You’re looking for z. B. Google a domain name or trademark + scam : The BitConnect scam.
If you’ve heard on Twitter or Reddit about a new company mining cryptocurrencies, setting up an ICO, or doing cloud mining, it’s probably a scam. These are usually bots that automatically respond to relevant messages, and most victims are on these two social networks. Facebook came in third.
Pressure tactics: If you’re told you have a limited time to make money with a new cryptocurrency, or people are trying to make money off of your FOMO (Fear of Missing Out), move on.
Phone calls: No reputable company or broker will ever call you to offer to invest.
Follow your intuition, don’t let greed fool you. We often know when something is wrong. If you feel this way, keep walking. There will always be other options.
Bitcoin and cryptocurrency scams are one of the most widespread scams of our day. From initial investment to the end of the scam, these scams follow a common pattern.. Read more about bitcoin mining and let us know what you think.
Cryptocurrencies have been on the rise for the past several years, making some of the world’s biggest companies sit up and take notice. Bitcoin, the first cryptocurrency, has been around since 2008. Since then, many altcoins have been launched, including such ones as Ethereum, Litecoin, ZCash, and Dash. These digital currencies are used to carry out transactions online, and they are either mined by people or purchased using traditional currencies like the US dollar or the Euro. Cryptocurrencies have gotten a bad rap over the years and are often described as “a nasty way to pay for things.” But, is this really the case? Bitcoin isn’t actually money. If a government says it is, even if that government is Bitcoin’s creator, it becomes “real” for that government at that point. So, how do you know if a Bitcoin is real? Well, it depends on who is asking if you should buy it. If a friend or family member who has been investing in Bitcoin for a while asks you if you should buy it, buy it. If the Federal Reserve Bank of Atlanta says you should buy it, don’t.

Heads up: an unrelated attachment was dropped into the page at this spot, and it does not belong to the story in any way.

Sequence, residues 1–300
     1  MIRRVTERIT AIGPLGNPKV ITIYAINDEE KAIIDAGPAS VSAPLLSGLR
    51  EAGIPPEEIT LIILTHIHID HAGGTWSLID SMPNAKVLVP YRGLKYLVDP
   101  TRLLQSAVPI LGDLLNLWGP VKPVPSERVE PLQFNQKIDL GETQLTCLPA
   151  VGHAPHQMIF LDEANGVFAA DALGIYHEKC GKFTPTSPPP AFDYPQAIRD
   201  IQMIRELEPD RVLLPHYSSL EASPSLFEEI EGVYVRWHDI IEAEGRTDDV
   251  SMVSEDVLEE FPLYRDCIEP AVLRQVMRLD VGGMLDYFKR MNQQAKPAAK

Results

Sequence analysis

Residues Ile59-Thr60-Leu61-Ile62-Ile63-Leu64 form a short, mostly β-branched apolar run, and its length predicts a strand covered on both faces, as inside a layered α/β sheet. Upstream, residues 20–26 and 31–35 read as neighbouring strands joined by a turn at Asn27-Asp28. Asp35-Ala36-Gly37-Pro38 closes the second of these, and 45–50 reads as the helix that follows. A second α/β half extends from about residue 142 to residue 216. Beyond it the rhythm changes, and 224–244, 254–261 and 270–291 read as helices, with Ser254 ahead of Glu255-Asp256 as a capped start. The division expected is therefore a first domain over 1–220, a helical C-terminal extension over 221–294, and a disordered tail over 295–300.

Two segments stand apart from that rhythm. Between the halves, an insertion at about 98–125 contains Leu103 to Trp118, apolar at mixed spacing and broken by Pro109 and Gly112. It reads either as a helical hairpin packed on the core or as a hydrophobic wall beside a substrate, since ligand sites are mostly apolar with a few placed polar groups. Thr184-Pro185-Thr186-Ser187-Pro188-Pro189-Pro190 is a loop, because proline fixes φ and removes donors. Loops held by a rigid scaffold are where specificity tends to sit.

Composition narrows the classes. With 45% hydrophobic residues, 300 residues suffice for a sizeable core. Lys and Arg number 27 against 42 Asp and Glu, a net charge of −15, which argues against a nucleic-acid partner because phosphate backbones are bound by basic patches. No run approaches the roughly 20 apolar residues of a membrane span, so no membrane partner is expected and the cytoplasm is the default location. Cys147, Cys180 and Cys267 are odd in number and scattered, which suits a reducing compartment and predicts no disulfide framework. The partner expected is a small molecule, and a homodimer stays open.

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How do I find my Bitcoins?
What is Bitcoin? Bitcoin is a decentralized digital currency that is not tied to any country’s currency. It is mined, traded, and stored like gold or other precious commodities. It is used to pay for products and services, like regular currency, and can be transferred from one person to another without going through a bank or third party. Bitcoins are created by computers solving complex mathematical problems. Every so often, someone sends me an email asking how to find their Bitcoin. They know generally what Bitcoin is, but they don’t know how to find the address. They know it’s a digital currency, but they don’t know how to get it. They know it’s not a stock, but they can’t find the address. They’re not sure if it’s a currency, but they can’t find the address. They’re not sure if it’s a security, but they can’t find the address. They’re not sure if it’s a collectible, but they don’t know the address. They’re not sure if it’s money, but they can’t find the address. They’re not sure if it’s a commodity,
Can I trace a Bitcoin address?
A common question that comes up on a Bitcoin forum or social media channel: how can I find the wallet or address that owns that Bitcoin? As you may know, Bitcoin wallets are like bank account numbers, and it’s pretty easy to find out where the money came from. Simply connect your wallet to a Bitcoin client like the popular Blockchain.info and you’re good to go. Bitcoin is a digital currency that has been in existence since 2009. It is a form of cryptocurrency that is used to transfer money over the internet. Since it is digital, it can be stored in a wallet, which acts as a bank account. A wallet can be from a cloud service such as Coinbase, a website, or a physical device.